Archives for category: Product Design

Problem: You’re working on a large, complicated machine made of multiple parts and functions. Something goes wrong. The machine shuts down, or it starts shaking, or a part starts making a whirring noise — something you identify as out of the ordinary. You have a manual on location, as well as an online version. You start searching for what may be wrong, but the manual isn’t labeled effectively or is not comprehensively indexed.

Solution: Barcodes are placed on each segment of the machine. Using a scanner device with access to an online manual, you scan the problem area, and the device auto-searches and locates the appropriate section of the manual.

Rough representations of a human and a tablet device.

Presenting... a human being with a tablet device (with scanning functionality and an onboard manual, or access to an online manual).

Human is confused at a complex-looking machine.

The user encounters a confusing machine, or the machine is acting in a confusing manner. ("Help!")

Human using a tablet device to scan a barcode on a machine.

The user scans a barcode (here, a QR code) physically applied to or near the problematic part of the machine.

Example machine manual page on a tablet device.

The tablet device goes to the appropriate section of the manual, based on that scanned barcode.

That’s it!

And if that part or section of that machine is used in other machines, similar barcodes may be printed on those machines. Also, sections of the manual may be updated without needing to re-apply barcodes.

The overriding goal or objective here is this: Users do not need to guess where to look in the manual to find help, and an onsite manual is not needed. However, the company would need to create an electronic version of the manual. That’s the hitch.


It’s been awhile since my last ideation!

Okay, this one’s pretty simple. The idea is: add collaborative editing to design applications, in real-time. Like collaborative whiteboards, but with the integrated tools, note-making, and granular functions.


In the image, the web app user is adding an ‘X’, the iPhone user is adding a note, and the iPad user is scribbling away. They all do this at the same time, or one after another.

In a real-life example, a user experience designer, a visual designer, and a front-end developer could all be working on a single interface for a brand-new iPad game that has a complex logical structure. They are currently trying to understand basic interactions from one screen to another but don’t have time to have the UX designer cook up several wireframe iterations, then have the visual and front-end designers take those frames and make a basic prototype. They have 10 hours left before development. Oh, and one lives in New York, the second in Minneapolis, and the third in Houston. In-person is not an option.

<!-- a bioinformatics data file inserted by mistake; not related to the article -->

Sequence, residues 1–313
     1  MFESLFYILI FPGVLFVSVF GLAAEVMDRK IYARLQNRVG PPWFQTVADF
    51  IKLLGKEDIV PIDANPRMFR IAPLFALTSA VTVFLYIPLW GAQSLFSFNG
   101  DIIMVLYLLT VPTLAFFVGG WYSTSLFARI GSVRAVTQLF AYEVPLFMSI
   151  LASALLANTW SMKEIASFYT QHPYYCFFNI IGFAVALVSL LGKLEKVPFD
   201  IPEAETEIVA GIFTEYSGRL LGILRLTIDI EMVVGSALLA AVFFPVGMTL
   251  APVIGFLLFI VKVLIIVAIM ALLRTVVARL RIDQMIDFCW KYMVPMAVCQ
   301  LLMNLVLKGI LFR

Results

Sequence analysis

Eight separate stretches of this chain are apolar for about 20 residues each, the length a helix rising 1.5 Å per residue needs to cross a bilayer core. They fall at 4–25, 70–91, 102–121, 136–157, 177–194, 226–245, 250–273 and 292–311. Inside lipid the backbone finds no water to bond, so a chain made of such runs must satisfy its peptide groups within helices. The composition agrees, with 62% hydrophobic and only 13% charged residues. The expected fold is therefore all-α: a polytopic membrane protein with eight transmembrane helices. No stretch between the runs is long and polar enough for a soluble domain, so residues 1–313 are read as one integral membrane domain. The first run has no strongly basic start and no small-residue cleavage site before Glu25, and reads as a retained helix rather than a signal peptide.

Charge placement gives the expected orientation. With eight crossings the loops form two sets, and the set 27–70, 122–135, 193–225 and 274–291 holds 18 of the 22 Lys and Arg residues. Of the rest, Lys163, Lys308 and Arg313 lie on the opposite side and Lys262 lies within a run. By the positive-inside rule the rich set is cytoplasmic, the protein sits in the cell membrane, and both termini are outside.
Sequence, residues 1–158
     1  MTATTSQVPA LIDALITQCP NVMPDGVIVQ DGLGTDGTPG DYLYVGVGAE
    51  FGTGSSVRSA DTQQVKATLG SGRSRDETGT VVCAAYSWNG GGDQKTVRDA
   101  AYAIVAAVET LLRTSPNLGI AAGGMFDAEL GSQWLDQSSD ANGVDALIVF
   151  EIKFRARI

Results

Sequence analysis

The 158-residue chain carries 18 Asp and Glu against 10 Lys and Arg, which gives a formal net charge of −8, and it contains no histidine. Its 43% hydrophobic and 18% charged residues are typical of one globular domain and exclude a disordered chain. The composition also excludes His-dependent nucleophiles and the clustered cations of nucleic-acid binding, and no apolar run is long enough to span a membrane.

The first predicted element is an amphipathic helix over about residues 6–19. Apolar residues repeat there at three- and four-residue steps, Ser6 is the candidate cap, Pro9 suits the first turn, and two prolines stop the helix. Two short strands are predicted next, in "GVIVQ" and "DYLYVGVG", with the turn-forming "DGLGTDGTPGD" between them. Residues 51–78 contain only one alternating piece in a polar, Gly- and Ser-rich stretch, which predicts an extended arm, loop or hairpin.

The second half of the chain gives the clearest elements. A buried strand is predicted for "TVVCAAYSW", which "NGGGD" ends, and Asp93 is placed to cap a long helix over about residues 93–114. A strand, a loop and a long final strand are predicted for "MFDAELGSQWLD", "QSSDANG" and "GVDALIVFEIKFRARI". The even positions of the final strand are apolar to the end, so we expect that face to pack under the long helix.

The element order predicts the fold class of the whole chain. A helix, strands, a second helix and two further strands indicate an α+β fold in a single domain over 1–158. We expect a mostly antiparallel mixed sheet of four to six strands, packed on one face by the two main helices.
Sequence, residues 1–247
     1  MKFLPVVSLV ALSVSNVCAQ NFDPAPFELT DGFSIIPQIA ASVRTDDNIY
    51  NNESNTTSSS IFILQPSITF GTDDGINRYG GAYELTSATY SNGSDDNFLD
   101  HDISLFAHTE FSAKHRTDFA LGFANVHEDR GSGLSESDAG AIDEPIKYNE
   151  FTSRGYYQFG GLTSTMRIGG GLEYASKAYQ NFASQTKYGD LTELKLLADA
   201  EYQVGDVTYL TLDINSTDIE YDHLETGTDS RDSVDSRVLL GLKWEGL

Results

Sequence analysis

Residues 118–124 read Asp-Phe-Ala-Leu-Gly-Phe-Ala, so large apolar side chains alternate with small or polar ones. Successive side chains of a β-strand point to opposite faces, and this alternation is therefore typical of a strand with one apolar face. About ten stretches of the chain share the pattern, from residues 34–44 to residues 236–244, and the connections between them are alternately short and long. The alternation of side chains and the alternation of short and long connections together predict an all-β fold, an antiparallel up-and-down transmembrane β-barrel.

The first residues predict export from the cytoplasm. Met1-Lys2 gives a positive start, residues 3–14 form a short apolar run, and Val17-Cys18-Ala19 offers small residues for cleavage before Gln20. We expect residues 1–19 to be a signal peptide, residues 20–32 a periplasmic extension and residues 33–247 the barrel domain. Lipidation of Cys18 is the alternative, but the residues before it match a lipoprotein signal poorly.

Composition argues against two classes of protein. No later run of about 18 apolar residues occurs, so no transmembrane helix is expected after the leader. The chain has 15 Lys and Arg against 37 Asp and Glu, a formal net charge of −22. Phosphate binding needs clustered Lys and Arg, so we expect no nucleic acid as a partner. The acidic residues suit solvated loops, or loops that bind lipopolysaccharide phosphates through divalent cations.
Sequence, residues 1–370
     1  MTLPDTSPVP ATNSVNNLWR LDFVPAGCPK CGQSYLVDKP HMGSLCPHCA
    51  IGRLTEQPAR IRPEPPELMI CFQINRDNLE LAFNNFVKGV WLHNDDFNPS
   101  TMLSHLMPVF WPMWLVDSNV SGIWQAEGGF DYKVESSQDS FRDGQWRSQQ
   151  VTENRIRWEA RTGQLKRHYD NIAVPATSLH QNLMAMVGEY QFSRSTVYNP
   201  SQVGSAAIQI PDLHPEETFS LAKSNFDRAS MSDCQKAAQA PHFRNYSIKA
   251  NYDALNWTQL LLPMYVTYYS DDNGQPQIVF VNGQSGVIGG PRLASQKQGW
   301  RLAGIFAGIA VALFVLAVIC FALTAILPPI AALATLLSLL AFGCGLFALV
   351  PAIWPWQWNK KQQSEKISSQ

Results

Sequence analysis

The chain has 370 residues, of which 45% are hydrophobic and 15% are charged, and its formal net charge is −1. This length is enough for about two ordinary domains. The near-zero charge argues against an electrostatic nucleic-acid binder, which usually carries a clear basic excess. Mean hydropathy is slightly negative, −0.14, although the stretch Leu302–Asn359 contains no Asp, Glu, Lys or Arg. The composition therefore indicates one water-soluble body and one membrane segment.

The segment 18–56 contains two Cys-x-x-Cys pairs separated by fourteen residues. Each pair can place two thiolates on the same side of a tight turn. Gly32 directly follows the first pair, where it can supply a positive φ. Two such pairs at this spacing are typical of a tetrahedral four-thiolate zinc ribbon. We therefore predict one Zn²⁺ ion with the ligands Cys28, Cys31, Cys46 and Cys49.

So they all use their favorite basic visual tool, i.e. OmniGraffle, Photoshop, Fireworks, and work from one screen to another, visually describing the interactions with boxes, arrows, text, gradients, shadows, and most importantly, immediate verbal communication and response.

Visual might ask, “Hey, how will the user add more players to the game?” and UX would add an Add Player function to the screen (maybe a button with a modal prompt). Then Dev would say, “iOS doesn’t support that sort of modal, but you could do this” and Dev redraws the button with an text box alert instead. Then Visual says, “That works, but it doesn’t conform to the game’s proposed visual style. Maybe this?” and so on and so forth.


Problem: You need to make a pizza with equal slices. But you have five kids each wanting a piece. Or seven friends. Or eleven co-workers. It’s not easy to evenly and geometrically divide a pie for these situations!

Solution: A pizza pie pan that has ruled notches on the edge, measured out to halves, thirds, quarters, fifths, sixths, sevenths, eighths, ninths, tenths, elevenths and twelfths.

Ruled Pizza Pie Pan

No more "but he has the bigger slice!"

It’s an easy add-on. Notches: That’s all I’m suggesting!


Small text on each notch (not visible in the image) would illustrate which level of division you might want to achieve: 1/2; 1/3; 1/4; 1/5; etc. up to 1/12. It could go beyond, depending on the size of the pie. For an enormous pizza, 1/16 may be needed.

There should be a noticeable “home” notch from which the ruler starts. Maybe as the other notches are labeled, this one would not be labeled. Or maybe this would be the only white notch. Or it could be the largest notch. Or the notch could extend to the center of the pan.

Color-coding might work, too, but the constant and repetitive high heat may complicate such organization. If this were to be done, a color could be used for divisions of factor four (1/4, 1/8), three (1/3, 1/6, 1/12), five (1/5), seven (1/7) and eleven (1/11).

Another thing I would add would be a “clamp” to hold the pizza still during slicing. Anyone else hate it when the pizza slides around? I do. But I’m not sure what would be an easy way to solve this. Yet.